The First Time: A Girls’ Guide

For women stoked on learning how to ride, first off let me say, it’s theonly sport that has accepted women into its culture as quickly as, say, kidsinto skateboarding. Of course, it’s unfortunate that as outdoor women weeven need to be compared with a kids market, but the truth is, women don’tusually have their own equipment, clothes, or respect when it comes to sports.That is, until someone “discovers” that there’s actually a market out therefor us. Snowboarding as an industry has discovered this.

Getting started though, isn’t as difficult as skiing. First off, the bootsare more comfortable and there’s only two edges to deal with rather thanfour. Other advantages include the clothes and gloves: They’re big and roomy(no stretch pants) and snowboard gloves really do keep your hands warm becauseof the Kevlar on the outside and the major padding on the inside. As asnowboarder, your hands touch the ground often, so manufacturers have madegloves with extra protection in mind. (Sounds like a Playtex commercial,but it’s true.)

As for respect, you’ll notice it right away. As a beginner female snowboarderwaiting in a lift line, you’ll quickly notice that people give you the thumbsup/approval nod, like, “yea, right on, you can do it” sort of thing. Evenother skiers will check you out. You can practically see other women skiers’minds’ thinking, “Maybe I should try that; she can do it.”

And you can. But it hurts at first. My advice: Take a lesson from a professionalrather than learning from a buddy or boyfriend. Learning from a friend mayjust ruin that friendship after you’ve done a few head slams because you’llblame the friend that’s teaching you for teaching you the wrong way. It takesabout three lessons to really discover how to link turns. But once you haveit, the “feeling” never goes away–it’s like never forgetting how to ridea bike. Many resorts offer women’s only classes and women instructors. Thereare also a variety of women’s snowboard camps being offered every seasonaround the country. I think the best camp for women is the Wild Women’s SnowboardCamp, launched by women’s 1992 World Extreme Champ, Greta Gaines, and co-directedby Mary Seibert. It follows a philosophy by Clarissa Pinkola Estes, authorof “Women Who Run with the Wolves,” in that women need to break free; thatthere is a need and obligation for each woman to reach this level and letgo. Snowboarding’s a fluid sport that allows you to do just this. Like rockclimbing, it’s more about balance and grace than strength and ego. Therefore,women excel.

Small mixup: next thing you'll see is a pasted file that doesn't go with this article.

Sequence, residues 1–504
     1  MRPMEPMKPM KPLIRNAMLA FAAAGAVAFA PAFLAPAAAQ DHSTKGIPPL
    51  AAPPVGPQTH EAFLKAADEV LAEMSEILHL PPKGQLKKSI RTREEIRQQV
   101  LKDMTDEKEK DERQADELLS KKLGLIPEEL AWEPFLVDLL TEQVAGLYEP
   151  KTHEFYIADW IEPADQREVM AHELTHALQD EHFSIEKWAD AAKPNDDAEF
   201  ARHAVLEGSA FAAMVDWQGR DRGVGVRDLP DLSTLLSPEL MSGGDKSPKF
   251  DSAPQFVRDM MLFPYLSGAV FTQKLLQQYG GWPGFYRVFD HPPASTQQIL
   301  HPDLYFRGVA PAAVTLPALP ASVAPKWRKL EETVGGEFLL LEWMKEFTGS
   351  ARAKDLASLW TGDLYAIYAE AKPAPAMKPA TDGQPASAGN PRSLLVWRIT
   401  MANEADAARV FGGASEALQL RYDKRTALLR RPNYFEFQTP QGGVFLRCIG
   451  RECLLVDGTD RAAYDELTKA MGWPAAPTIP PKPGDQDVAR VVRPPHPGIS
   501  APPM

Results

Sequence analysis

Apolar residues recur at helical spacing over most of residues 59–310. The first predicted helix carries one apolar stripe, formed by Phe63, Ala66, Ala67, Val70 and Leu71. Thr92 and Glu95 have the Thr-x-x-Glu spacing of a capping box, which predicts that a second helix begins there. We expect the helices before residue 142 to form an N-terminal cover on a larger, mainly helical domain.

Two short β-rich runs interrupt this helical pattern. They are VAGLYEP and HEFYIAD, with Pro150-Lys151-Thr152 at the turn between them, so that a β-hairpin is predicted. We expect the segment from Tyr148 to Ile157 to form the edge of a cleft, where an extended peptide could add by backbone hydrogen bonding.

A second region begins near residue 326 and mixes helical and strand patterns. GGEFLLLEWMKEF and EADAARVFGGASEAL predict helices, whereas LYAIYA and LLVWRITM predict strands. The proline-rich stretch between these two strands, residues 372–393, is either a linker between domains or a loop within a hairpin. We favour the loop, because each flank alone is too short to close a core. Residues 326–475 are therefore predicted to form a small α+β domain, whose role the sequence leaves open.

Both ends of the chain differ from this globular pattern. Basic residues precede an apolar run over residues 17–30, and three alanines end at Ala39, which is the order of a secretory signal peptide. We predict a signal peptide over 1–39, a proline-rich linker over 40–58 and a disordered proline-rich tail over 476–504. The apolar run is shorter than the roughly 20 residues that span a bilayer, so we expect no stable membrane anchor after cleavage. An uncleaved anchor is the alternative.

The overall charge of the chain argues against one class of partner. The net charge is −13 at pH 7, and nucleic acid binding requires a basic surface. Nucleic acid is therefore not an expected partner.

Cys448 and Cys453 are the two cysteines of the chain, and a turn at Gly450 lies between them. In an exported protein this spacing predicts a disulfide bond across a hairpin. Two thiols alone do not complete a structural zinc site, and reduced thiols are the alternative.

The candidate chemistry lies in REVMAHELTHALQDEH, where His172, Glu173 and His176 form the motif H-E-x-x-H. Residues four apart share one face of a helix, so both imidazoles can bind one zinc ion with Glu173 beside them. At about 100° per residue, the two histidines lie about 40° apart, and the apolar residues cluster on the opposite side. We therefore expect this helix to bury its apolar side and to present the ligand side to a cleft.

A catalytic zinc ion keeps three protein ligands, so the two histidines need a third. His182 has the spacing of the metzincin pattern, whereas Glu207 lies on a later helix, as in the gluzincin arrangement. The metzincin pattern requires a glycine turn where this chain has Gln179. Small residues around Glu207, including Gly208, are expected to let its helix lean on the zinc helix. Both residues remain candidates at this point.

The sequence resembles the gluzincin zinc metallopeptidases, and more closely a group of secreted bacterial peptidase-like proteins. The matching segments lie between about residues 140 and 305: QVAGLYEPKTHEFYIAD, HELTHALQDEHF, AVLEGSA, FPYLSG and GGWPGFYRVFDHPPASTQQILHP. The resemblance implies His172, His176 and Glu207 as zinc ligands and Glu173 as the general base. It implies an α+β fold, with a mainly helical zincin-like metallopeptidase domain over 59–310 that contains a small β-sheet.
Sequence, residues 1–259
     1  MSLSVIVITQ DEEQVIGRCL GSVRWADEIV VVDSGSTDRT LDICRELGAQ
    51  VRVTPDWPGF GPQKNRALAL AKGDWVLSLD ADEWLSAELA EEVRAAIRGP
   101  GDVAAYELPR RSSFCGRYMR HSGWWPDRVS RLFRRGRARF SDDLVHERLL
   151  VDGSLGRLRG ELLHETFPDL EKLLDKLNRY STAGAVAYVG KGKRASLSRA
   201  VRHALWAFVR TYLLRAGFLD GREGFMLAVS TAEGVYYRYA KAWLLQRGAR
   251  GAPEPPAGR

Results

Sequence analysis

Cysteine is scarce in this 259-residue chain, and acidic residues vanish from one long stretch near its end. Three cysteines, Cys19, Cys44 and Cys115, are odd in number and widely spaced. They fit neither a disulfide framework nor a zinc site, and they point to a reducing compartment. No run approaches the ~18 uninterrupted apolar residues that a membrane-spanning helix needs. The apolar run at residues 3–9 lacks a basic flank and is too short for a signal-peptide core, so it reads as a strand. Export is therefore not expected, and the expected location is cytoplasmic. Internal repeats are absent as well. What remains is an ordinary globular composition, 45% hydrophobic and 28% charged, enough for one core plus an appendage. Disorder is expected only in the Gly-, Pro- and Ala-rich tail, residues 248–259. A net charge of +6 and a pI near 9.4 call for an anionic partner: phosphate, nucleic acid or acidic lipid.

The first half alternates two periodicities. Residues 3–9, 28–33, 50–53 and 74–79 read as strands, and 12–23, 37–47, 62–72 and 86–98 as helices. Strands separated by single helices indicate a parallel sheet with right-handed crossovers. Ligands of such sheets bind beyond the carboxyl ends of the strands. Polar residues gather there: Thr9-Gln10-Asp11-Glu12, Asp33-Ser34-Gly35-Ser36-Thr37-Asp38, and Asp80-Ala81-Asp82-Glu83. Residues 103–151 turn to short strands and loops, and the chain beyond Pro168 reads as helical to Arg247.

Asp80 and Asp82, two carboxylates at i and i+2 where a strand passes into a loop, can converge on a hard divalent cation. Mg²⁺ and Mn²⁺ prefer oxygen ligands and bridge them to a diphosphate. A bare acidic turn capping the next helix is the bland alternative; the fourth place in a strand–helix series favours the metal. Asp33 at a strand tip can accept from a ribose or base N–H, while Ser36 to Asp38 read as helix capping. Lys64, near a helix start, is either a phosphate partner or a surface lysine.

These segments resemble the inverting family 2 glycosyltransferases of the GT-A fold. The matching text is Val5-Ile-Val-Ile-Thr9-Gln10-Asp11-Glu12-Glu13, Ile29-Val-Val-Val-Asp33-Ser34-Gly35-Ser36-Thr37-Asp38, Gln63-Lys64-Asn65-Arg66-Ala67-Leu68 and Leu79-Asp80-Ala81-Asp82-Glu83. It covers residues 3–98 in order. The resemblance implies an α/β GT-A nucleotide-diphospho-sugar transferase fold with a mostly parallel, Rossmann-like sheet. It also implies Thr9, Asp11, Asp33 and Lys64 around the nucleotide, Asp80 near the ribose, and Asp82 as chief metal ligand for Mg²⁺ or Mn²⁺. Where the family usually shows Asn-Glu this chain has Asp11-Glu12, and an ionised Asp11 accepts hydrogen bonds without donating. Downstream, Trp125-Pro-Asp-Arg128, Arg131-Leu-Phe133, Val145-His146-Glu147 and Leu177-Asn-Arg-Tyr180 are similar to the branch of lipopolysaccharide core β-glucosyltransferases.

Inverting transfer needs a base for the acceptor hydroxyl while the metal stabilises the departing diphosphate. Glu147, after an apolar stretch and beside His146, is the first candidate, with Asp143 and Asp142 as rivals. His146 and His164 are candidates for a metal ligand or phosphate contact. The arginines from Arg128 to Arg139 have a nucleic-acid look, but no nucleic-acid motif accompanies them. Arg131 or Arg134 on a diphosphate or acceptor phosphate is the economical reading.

As for finding the right equipment, here’s a strategy to follow: Don’t letretailers steer you in the wrong direction. Remember what you want even ifyou only think you know what you want. Even as a beginner, you are your ownbest judge as to what fits, feels good, and works for your body and style.


Snowboards: Ask if the length and weight of the board fits your ability leveland your own weight and size. If you can pick up the board from the tip whenit’s standing on end, it’s probably a good weight. If you can’t, shelf it.Check the pre-drilled holes for binding width and put your feet on them todetermine if the board stance has the capability of going narrow enough foryou. So many don’t, so check this. Also while you’re standing there, do yourfeet come close to the edge? If they go over, it’s too narrow–although justthe opposite is usually the case for women. My motto: FatBobs aren’t forgirls. (Ask K2 if you don’t understand.) Women’s pro-model boards aren’tas rare as they use to be and if you have your choice, why wouldn’t you buyone?

Boots: This gets tricky because feet are gnarly. Take a look at your ownbone spurs and you’ll agree. First and foremost, ask the salesperson if theboot manufacturer you’re interested in made the “woman’s model” from a woman’slast. Many won’t know; some will ask what a “last” actually is. A last isthe basic mold that is formed around a foot onto which the rest of the bootsare modeled and formed. Since women’s calves start lower, and women havenarrower heels and wider balls of their feet, a woman’s-lasted boot is amust. Otherwise, you’ll be buying a scaled-down version of a men’s boot andwe all hate scaled-down-versions, now don’t we?

Bindings: Try them on in the store with your snowboard boots on. So manysoft bindings are too wide and you’ll have to cut the plastic, re-screw,and duct tape them into the appropriate place for your feet. Also, checkthe width of the binding when buckled in. For two years I had to fill upthe excess width of my bindings with twigs so my foot wouldn’t move around.Fortunately, my Original Sin bindings (plug) changed that.

Clothes: Of course, individual style is a big factor. But when it comes tocomfort, look for pants that come-up high enough so you don’t get snow downthe back when you bend over to clip in your binding. Suspender pants aregreat–especially with ones that go up the sides of your boobs or in themiddle; and look that they don’t constrict movement. Practice a tail-grabin the store (even if you’re a beginner) to see that they don’t bind. Theother key aspect for pants are drop-seats (to allow for a quick pee in thewoods). As for jackets, if the zipper or buttons go up the “wrong” side,guess what, a guy probably designed the thing. Avoid Velcro up by the hoodor collar–your hair will get stuck in it.

Kathleen Gasperini¬†(¬†hasworked as a writer for Powder, Snowboarder, Snowboarding, Women’s Sportsand Fitness, and Stick magazines. Last year she founded her own magazinetitled W.I.G. (Women In General). She lives in Park City, Utah and snowboardsmuch more than she should.